Also note the 6 Quonset huts arranged in a 3-gap-3 configuration running north/south.”
A WW2-era aerial view looking south at Cape May NAS (National Archives photo).
Kevin Brennan observed, “Note the huge paved area parallel to the east side of Runway 17 - that is the floor of the former airship hangar.
The operations building / control tower sits on the North end of the airship hangar floor.
The 6 Quonset huts are along the northeast edge of the airship hangar floor.
There are 2 aircraft parked nose to Quonset huts.”
At the bottom right, by this point only 2 of the original 3 seaplane hangars still remained -
one of the arch-roof seaplane hangars had apparently been removed at some point after 1934.
At its height during WW2,
the Cape May airfield consisted of a total of 5 paved runways (the largest was 3,825' long),
2 blimp mooring circles, parking aprons, hangars, and seaplane ramps.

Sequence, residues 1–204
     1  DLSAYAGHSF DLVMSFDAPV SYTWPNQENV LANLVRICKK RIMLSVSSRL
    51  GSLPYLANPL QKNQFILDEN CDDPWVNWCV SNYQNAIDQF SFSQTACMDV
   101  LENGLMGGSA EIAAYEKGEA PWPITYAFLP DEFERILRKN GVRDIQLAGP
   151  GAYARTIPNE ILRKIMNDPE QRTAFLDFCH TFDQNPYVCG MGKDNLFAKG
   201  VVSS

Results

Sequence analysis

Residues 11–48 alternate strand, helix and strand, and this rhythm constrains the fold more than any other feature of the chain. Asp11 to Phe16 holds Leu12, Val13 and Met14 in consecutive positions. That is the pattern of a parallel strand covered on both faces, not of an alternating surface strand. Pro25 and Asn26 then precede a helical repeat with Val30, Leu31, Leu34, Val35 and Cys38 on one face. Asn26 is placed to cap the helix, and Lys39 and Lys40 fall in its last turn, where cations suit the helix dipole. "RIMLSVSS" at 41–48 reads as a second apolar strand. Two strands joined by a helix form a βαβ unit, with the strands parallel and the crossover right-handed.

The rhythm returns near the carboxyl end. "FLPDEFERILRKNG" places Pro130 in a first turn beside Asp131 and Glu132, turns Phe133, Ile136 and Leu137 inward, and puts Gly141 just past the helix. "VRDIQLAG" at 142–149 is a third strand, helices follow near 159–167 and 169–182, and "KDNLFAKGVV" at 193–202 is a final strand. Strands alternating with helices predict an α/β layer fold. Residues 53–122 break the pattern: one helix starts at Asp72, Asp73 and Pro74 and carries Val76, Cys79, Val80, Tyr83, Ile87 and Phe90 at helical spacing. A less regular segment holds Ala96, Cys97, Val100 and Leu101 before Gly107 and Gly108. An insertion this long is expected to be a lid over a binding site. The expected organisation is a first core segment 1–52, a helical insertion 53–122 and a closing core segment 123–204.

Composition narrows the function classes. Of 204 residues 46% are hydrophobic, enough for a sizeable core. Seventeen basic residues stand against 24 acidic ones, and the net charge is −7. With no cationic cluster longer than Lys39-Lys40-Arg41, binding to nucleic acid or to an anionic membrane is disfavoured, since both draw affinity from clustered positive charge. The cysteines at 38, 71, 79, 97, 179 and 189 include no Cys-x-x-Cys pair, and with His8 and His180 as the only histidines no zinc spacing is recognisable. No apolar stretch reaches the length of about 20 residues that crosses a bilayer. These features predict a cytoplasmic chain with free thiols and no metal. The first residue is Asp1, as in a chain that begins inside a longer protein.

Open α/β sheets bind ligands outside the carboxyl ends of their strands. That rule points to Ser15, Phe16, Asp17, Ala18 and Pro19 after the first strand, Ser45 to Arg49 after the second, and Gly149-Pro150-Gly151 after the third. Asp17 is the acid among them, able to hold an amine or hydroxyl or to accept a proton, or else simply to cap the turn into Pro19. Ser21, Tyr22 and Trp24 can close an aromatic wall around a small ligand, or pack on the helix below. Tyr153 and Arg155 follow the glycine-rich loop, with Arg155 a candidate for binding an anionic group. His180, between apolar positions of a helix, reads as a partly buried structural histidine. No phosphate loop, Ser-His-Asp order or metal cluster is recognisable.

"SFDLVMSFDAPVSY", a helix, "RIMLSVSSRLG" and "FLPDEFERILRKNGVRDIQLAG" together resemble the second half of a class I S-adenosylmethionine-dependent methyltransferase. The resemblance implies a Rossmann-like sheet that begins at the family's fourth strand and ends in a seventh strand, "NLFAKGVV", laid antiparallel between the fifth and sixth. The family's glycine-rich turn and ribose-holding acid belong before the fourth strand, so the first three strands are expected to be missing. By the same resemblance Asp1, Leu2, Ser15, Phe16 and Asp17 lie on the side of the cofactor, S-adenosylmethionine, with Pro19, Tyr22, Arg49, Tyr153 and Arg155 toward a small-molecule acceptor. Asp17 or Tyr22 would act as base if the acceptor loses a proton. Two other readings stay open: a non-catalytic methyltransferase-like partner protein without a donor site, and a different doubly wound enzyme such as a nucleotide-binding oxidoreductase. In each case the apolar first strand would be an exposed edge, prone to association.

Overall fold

The peak complement of the station in 1944 was 1,339 personnel.
The last photo which has been located showing fixed-wing aircraft at Cape May was a 1944 aerial view which showed several aircraft on the ramp in the center.
The airfield was depicted as having 5 paved runways.
Nothing airfield-related was depicted on the 1944 USGS topo map at Cape May – just an empty field,
most likely due wartime security concerns.
The airfield at Cape May went through a confusing series of changes in the post-WW2 period.
It was still labeled "Cape May (Navy)" on the 1946 Washington Sectional Chart (courtesy of Mike Keefe).
However, in 1946, the Navy again relinquished the base,
and it was taken back by the Coast Guard.
"CGAS Cape May" was depicted on the 1948 Washington Sectional Chart (according to Chris Kennedy)
and the 1949 Washington Sectional Chart (courtesy of Mike Keefe),
and described as having a 3,500' hard-surface runway.
Strangely, "CGAS Cape May" was depicted as an active airfield
on the 1951 Washington Sectional Chart (courtesy of Mike Keefe),
yet the remarks on the Aerodromes table on the chart said "Closed".